Patients with Lynch Syndrome Mismatch Repair Gene Mutations Are at Higher Risk for Not Only Upper Tract Urothelial Cancer but Also Bladder Cancer
Skeldon SC, Semotiuk K, Aronson M, Holter S, Gallinger S, Pollett A, Kuk C, van Rhijn B, Bostrom P, Cohen Z, Fleshner NE, Jewett MA, Hanna S, Shariat SF, Van Der Kwast TH, Evans A, Catto J, Bapat B, Zlotta AR. Eur Urol. 2012 Aug 2. [Epub ahead of print]

Source

Department of Surgical Oncology, Urology, Princess Margaret Hospital, University Health Network, Toronto, Ontario, Canada.

Abstract

BACKGROUND:

Lynch syndrome (LS), or hereditary nonpolyposis colorectal cancer, is caused by mutations in mismatch repair (MMR) genes. An increased risk for upper tract urothelial carcinoma (UTUC) has been described in this population; however, data regarding the risk for bladder cancer (BCa) are sparse.

OBJECTIVE:

To assess the risk of BCa in MMR mutation carriers and suggest screening and management recommendations.

DESIGN, SETTING, AND PARTICIPANTS:

Cancer data from 1980 to 2007 were obtained from the Familial Gastrointestinal Cancer Registry in Toronto for 321 persons with known MMR mutations: mutL homolog 1, colon cancer, nonpolyposis type 2 (E. coli) (MLH1); mutS homolog 2, colon cancer, nonpolyposis type 1 (E. coli) (MSH2); mutS homolog 6 (E. coli) (MSH6); and PMS2 postmeiotic segregation increased 2 (S. cerevisiae) (PMS2). OUTCOME MEASUREMENTS AND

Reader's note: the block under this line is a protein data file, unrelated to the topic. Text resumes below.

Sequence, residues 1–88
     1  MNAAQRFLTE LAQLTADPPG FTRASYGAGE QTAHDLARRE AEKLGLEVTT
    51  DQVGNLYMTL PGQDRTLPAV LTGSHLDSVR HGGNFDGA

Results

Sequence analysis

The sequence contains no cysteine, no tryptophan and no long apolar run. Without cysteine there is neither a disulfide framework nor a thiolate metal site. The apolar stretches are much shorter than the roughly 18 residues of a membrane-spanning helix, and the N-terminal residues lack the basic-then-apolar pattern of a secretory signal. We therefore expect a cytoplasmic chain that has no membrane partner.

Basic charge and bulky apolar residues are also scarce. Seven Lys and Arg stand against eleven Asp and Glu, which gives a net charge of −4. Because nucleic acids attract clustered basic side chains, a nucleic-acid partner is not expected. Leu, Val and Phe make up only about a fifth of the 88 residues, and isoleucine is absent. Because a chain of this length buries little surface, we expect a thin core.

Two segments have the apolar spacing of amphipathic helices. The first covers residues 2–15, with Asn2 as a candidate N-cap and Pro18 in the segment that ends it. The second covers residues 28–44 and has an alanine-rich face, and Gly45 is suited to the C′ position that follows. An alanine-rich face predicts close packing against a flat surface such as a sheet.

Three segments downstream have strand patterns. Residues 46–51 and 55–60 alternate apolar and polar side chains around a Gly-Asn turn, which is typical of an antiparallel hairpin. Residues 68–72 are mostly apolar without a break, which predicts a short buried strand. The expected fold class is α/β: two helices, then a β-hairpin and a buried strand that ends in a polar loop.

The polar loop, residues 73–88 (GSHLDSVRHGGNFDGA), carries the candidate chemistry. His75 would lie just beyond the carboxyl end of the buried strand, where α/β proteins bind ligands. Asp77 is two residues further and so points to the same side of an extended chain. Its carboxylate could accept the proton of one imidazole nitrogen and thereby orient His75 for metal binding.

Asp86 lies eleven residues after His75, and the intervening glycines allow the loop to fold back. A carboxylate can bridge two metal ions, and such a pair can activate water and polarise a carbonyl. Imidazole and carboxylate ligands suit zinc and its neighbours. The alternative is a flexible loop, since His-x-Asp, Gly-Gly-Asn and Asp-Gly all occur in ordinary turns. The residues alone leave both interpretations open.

STATISTICAL ANALYSIS:

Standardized incidence ratios from the Ontario Cancer Registry, using the Surveillance Epidemiology and End Results public database, were used to compare cancer risk in patients with MMR mutations with the Canadian population. Microsatellite instability analysis and immunohistochemistry (IHC) of the MMR proteins were also performed and the results compared with matched sporadic bladder tumors.

RESULTS AND LIMITATIONS:

Eleven of 177 patients with MSH2 mutations (6.21%, p<0.001 compared with the Canadian population) were found to have BCa, compared with 3 of 129 patients with MLH1 mutations (2.32%, p>0.05). Of these 11 tumors, 81.8% lacked expression of MSH2 on IHC, compared with the matched sporadic cases, which all displayed normal expression of MSH2 and MLH1. The incidence of UTUC among MSH2 carriers was 3.95% (p<0.001), and all tumors were found to be deficient in MSH2 expression on IHC. Mutations in the intron 5 splice site and exon 7 of the MSH2 gene increased the risk of urothelial cancer. Limitations include possible inflated risk estimates due to ascertainment bias.

CONCLUSIONS:

LS patients with MSH2 mutations are at an increased risk for not only UTUC but also BCa and could be offered appropriate screening.